It was a good slog to my first port of call, the village of St Emilion, now racing the afternoon sun as it sank to the depths below. Across fields lay fairytale manor houses, their conical slate turrets glaring in splendour. I found a pumpkin and nicked it for supper. What’s more, on the way up the hill to town, I came across some chestnuts by the roadside.

Amongst scents of roses, smoke and sandstone, the area was awash with the buzz of harvest time, with the aroma of crushed grape and of brewing wine. It was the start of October and through all the country I’d see in the next month, I would encounter the 101 harvests of autumn. And along with the bounty of Mother Earth, ripe for the picking, would come the 101 colours of autumn; colours in deciduous brilliance, not only in transition from greens to browns but in yellows, reds, oranges and pinks so vividly unreal you’d think they’d been painted. Yes autumn, what a smashing time to be in Europe!

I romanticised all this as harvest tourism, with gourmet meals and endless variety so long as my fingers were kept stealthy and my eyes alert.

With some thrifty fodder gathered for the night’s meal, I strolled upward into St Emilion a happy man. And so, upon coming eye to eye with the picturesque village, my sense of happiness was met with a sense of wonder. It was a medieval gem, sweeping up and down the valley, carpeting its hillsides. Overlooking it here was the keep of an old castle; overlooking it there the towering belfry of the village church. And where most ancient builds served to house the village’s population, others stood in proud ruin.

At a little supermarket I rounded off my kit with a knife, olive oil, newspaper, lighter etc. Inside it a stoned hippy was wandering about, staring at people and generally causing the sort of havoc that only stoners can. Ridiculously, with the polite formalities that so make a Frenchman French, the shopkeeper inside referred to him as ‘Monsieur’ as he told him to get out.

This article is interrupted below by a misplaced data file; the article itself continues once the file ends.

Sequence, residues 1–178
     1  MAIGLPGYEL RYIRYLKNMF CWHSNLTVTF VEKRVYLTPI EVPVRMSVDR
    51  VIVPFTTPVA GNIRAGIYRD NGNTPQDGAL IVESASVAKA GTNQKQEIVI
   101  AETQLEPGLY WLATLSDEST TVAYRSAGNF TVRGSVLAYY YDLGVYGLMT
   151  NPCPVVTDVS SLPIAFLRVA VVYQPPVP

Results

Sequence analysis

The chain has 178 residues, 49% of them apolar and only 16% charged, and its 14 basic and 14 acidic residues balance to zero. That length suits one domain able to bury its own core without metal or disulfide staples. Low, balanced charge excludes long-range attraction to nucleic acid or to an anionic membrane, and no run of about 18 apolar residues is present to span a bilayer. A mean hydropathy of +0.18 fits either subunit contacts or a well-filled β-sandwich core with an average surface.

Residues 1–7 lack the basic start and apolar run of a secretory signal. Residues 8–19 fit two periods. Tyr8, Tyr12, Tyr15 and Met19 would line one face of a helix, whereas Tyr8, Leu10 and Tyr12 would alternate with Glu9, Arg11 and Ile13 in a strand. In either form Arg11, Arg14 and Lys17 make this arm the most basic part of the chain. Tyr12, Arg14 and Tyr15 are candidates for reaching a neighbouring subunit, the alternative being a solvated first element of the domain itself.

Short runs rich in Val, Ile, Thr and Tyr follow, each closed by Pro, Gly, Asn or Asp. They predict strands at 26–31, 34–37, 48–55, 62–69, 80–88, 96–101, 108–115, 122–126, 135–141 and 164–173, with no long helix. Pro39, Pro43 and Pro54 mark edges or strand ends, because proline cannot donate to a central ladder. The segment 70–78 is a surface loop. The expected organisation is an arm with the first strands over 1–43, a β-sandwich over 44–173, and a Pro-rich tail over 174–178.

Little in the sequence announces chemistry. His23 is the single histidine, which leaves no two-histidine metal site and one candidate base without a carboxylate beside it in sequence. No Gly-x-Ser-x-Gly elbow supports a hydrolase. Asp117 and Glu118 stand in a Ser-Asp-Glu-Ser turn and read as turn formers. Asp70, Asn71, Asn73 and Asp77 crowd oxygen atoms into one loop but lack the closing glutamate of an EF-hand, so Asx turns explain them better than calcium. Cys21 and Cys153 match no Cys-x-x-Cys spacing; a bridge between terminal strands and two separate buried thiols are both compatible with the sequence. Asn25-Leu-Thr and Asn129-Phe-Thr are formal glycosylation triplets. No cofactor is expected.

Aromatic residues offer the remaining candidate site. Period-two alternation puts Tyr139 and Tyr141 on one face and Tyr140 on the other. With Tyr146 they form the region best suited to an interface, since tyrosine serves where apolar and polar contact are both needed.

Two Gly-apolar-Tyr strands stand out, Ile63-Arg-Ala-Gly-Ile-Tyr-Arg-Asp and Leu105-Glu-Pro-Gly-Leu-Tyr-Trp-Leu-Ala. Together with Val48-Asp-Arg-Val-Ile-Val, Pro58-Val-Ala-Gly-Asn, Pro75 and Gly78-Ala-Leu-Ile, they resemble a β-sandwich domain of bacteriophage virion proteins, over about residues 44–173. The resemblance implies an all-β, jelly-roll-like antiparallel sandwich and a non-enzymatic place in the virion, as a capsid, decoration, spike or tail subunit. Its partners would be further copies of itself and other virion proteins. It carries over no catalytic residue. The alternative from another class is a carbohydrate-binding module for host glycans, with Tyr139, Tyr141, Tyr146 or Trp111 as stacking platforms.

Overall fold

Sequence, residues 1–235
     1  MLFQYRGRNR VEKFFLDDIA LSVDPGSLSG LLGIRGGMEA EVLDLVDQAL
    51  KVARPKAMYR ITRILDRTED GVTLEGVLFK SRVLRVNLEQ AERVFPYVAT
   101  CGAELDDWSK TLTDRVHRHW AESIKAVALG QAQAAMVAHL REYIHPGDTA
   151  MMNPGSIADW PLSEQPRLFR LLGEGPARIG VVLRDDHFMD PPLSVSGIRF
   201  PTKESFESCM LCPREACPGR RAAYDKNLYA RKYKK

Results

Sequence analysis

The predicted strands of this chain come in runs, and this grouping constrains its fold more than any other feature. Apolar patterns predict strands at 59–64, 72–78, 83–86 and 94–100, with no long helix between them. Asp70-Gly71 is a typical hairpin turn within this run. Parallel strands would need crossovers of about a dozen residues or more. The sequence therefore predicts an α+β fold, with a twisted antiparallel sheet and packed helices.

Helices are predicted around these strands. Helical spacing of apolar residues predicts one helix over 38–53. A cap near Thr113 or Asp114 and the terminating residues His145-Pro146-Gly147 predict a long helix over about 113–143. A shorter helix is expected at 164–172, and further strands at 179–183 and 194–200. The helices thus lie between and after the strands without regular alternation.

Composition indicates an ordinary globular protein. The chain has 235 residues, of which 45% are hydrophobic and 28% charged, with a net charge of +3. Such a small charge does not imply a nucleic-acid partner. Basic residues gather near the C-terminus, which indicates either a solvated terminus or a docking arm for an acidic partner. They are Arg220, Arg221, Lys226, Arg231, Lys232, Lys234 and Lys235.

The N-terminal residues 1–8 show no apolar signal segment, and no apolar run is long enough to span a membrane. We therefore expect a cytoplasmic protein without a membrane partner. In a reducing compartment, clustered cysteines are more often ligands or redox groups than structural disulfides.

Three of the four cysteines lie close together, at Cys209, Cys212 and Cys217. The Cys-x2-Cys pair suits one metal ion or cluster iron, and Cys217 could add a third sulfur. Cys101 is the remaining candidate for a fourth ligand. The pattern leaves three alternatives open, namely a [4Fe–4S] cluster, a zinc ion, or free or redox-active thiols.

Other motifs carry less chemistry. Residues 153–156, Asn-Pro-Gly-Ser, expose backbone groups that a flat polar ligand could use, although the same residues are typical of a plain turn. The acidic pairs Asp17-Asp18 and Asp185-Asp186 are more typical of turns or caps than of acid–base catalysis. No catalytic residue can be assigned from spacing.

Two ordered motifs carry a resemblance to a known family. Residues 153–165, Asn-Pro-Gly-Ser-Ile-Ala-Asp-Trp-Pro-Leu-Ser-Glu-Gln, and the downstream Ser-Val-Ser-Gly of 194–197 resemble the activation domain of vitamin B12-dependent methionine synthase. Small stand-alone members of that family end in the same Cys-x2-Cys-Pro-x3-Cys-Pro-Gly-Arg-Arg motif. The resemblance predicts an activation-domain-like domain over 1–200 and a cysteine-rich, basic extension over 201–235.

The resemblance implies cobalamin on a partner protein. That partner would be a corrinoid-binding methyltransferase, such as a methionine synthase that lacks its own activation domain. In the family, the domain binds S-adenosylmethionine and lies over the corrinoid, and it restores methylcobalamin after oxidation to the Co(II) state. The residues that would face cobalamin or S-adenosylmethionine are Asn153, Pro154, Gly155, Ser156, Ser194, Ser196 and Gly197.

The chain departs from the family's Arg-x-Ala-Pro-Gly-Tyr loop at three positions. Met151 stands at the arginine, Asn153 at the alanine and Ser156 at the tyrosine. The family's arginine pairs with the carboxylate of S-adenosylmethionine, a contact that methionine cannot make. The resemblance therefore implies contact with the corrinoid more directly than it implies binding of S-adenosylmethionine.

I approached the shopkeeper, talking to him in Spanish by way of accident, for I’d only been in France not two weeks by that stage and switching tongues was a big deal. Every time I did it, I seemed to rouse the shopkeeper into higher and higher states of excitement until finally he started to refer to the other patrons as Spaniards, excitedly talking to the German and French tourists in broken Spanish. The French are a funny lot. And as for that hippy, how was I not the only bum around here? I thought I’d find only proud locals and rich tourists in St Emilion.

The sun went down over the sandstone village, casting molten reds and oranges over a sky tiered with cloud. But with such glory came a sense of urgency. Where was I staying for the night? I hotfooted two kilometres into the hills out of town and into a little wood I’d spotted on the map. I was visible from hills of wine fields on all sides and I hoped I’d stay under the radar. The tent went up with not a minute to spare as night rolled in.

I nicked a bunch of grapes and with their help, found the energy to start dinner. First a fire: as mine went up, I spotted another in the distance. At that point it occurred to me: all these other traveller types, they were workers for the harvest. With the pan I borrowed from the hostel, I got to cooking my pumpkin on the coals.

 

And so you may wonder what dinner was after all that:

French-Style Baguette

Pumpkin Fried a la Rosemary and Garlic

Fresh Tomato

Mmm yum, but sadly I was exhausted, too exhausted to really appreciate it.

 

Travel diary shared by Tim Horgan
onandoffthegringotrail.com